Perspectives on the Temporary Job Market for Contract Professionals

Published in CareersConnect, November 2012

By Chuck Bates, C.P.M.

With the current job market continuing its cautiousness, the end of the presidential election, and Congress addressing the issue of sequestration, I believe that now the market for contracts and acquisition professionals will improve. I was recently asked a series of questions about the alternative of temporary contract employment. The following are my responses.

What are the expectations of the employer?
Employers expect fully trained professionals that can start producing, almost immediately. They do not want to be responsible for training, except for company orientation and its procedural methods.

What are assignments like?
Occasionally, the assignment will be to provide contract and subcontract assistance to the proposal team. This effort could be for two weeks, two months, or longer.

The work to be performed might be to backfill someone on a medical, maternity, or special leave of absence. If it is a planned absence, some employers will bring the temporary replacement in several days or a week in advance to understudy with the person vacating the job. At other times, when an employee has left the company on short notice and the employer wants more time to interview candidates, they will backfill the position on a temporary basis. 

Oftentimes, temporary professionals will be brought on to handle increased workload and/or contract closeouts. Occasionally, when an acquisition or merger takes place, the need for contracts to be reviewed and novations prepared requires supplemental contract expertise.

How long are they in duration?
Assignments can vary from a week to a year. If a contracts administrator or manager is needed to assist in the preparation of a proposal, it might last for only 10 days. At times, some companies are able to obtain approval for an out-of-pocket budget amount, but not be able to hire a permanent employee. The amount approved will determine the period of performance. More often than not, assignments tend to be for 60 to 90 days, but assignments are frequently extended beyond the original period. 

What are the benefits and pitfalls?
The benefits of “temping” or “consulting” include a continued source of income and the ability to demonstrate, on your résumé, that you have continued your employment in your profession, albeit on a temporary basis. It also provides insight into how other companies operate. This is especially important if you have been downsized after having worked for a company for a number of years.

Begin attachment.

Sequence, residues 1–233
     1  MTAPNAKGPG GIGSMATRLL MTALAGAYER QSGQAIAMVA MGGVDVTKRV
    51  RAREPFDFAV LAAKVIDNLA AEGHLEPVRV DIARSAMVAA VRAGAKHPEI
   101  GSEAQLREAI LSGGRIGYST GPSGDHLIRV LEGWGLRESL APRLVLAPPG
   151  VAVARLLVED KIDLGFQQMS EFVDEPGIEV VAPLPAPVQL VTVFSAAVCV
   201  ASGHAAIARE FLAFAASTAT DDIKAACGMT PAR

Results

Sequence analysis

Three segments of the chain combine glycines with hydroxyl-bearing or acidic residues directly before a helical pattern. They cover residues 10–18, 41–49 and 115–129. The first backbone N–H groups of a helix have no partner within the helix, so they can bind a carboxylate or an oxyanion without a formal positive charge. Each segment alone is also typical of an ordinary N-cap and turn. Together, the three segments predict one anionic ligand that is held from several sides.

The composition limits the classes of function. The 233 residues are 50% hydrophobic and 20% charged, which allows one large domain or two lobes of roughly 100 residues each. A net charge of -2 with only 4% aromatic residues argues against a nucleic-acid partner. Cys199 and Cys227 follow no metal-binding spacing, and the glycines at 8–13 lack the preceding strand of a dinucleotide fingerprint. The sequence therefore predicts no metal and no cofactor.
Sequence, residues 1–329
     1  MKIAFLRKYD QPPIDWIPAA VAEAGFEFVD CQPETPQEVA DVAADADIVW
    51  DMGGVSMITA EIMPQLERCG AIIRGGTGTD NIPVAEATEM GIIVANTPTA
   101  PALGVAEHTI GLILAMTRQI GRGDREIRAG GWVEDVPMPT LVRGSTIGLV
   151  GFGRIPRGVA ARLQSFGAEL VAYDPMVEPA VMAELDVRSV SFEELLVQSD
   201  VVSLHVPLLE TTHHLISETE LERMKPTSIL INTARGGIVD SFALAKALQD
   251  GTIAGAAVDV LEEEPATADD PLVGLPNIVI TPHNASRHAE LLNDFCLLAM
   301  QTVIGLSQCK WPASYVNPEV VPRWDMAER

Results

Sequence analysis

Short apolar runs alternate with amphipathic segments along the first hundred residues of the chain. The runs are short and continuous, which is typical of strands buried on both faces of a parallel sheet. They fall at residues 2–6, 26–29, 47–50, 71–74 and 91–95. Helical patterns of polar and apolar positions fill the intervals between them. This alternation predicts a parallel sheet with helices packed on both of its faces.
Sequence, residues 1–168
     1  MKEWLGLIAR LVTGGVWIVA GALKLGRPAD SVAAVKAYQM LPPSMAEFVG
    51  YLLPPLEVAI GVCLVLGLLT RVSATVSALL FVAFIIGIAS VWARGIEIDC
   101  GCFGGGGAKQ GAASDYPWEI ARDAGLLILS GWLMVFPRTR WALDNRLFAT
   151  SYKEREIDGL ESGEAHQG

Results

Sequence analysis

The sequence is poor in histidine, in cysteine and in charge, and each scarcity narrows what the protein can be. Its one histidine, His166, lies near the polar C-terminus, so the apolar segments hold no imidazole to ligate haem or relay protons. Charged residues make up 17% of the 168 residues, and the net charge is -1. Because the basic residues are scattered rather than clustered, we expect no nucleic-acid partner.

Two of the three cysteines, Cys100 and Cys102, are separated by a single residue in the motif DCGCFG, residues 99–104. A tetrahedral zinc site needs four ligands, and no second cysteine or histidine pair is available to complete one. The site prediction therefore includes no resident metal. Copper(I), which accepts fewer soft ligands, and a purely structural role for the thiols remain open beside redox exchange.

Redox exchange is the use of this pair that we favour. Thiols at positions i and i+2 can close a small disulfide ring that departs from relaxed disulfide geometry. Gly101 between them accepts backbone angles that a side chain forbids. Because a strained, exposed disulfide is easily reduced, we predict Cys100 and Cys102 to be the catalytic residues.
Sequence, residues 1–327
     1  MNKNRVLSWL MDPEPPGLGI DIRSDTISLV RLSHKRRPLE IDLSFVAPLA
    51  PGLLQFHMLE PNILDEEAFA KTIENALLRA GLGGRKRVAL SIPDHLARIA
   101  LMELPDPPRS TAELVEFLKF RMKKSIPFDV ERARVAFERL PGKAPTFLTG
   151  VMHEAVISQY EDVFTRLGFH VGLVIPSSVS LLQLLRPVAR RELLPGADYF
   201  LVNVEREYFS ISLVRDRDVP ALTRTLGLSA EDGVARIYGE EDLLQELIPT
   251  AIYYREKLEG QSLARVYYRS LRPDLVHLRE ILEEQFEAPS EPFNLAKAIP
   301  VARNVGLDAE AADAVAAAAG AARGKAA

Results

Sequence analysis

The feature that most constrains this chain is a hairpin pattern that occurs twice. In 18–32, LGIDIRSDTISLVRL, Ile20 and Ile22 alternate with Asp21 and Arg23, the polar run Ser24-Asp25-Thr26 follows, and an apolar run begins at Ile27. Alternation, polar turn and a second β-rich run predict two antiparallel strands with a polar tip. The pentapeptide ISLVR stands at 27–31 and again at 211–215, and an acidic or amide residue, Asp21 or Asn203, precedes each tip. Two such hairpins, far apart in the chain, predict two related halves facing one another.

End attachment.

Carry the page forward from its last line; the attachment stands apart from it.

If the assignment is a “temp-to-hire” position, and if an opening materializes while you are working there, it allows you to demonstrate your capabilities with management and become a candidate for that opening. Conversely, having had experience “within” the company, you can decide if it is a firm that you would like to continue to work for as a permanent employee if an offer is made. At times, locations that initially seemed prohibitive might now be acceptable after a trial commute.

Candidates accustomed to a full range of benefits from their former employer should be aware that temporary openings are generally hourly positions. A benefit, for those who work or have worked overtime without compensation, will find they “will” be reimbursed for the additional hours worked. Conversely, time-off for holidays, vacation days, or personal time are typically unpaid. Medical and dental plans are not always available, and when they are, they tend to be expensive. Candidates who have spouses with coverage are in the best position. 

There is an additional pitfall that should be considered by those whose goal is a permanent position. Some assignments require you to commit to a period of time, and you must therefore remove yourself from the job market for that period of time. Accepting employment during your temporary contract results in a breach of contract.

What is the going rate per hour?
There is no “standard” rate. Rates are determined by the skills and experience required, factored by the employer’s acceptance of the burdened sell rate. Candidates should expect a rate in the vicinity of what they would be making on an annual basis, perhaps with some uplift for the lack of benefits, and considering the location of the job, out-of-pocket parking expenses, etc. As with much of what we buy, rates are determined by the job market and the laws of supply and demand.


About the Author

Chuck Bates, C.P.M., is the president of Procurement Solutions. He has been an active member of the Tysons Corner Chapter of NCMA since 1993. Since starting his own placement firm in 1995, he has been instrumental in finding employment opportunities for numerous individuals. He can be reached through his website at

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